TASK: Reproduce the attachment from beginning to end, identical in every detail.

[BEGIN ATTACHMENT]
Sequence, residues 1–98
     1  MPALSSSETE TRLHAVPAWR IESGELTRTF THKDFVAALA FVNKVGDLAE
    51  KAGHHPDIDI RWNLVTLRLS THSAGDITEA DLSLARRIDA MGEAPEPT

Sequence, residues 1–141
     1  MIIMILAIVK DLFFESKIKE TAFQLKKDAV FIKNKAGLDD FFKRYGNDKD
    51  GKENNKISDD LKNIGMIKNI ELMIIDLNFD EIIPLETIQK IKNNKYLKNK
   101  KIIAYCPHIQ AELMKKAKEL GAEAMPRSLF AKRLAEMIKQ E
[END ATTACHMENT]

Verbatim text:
Sequence, residues 1–98
     1  MPALSSSETE TRLHAVPAWR IESGELTRTF THKDFVAALA FVNKVGDLAE
    51  KAGHHPDIDI RWNLVTLRLS THSAGDITEA DLSLARRIDA MGEAPEPT

Sequence, residues 1–141
     1  MIIMILAIVK DLFFESKIKE TAFQLKKDAV FIKNKAGLDD FFKRYGNDKD
    51  GKENNKISDD LKNIGMIKNI ELMIIDLNFD EIIPLETIQK IKNNKYLKNK
   101  KIIAYCPHIQ AELMKKAKEL GAEAMPRSLF AKRLAEMIKQ E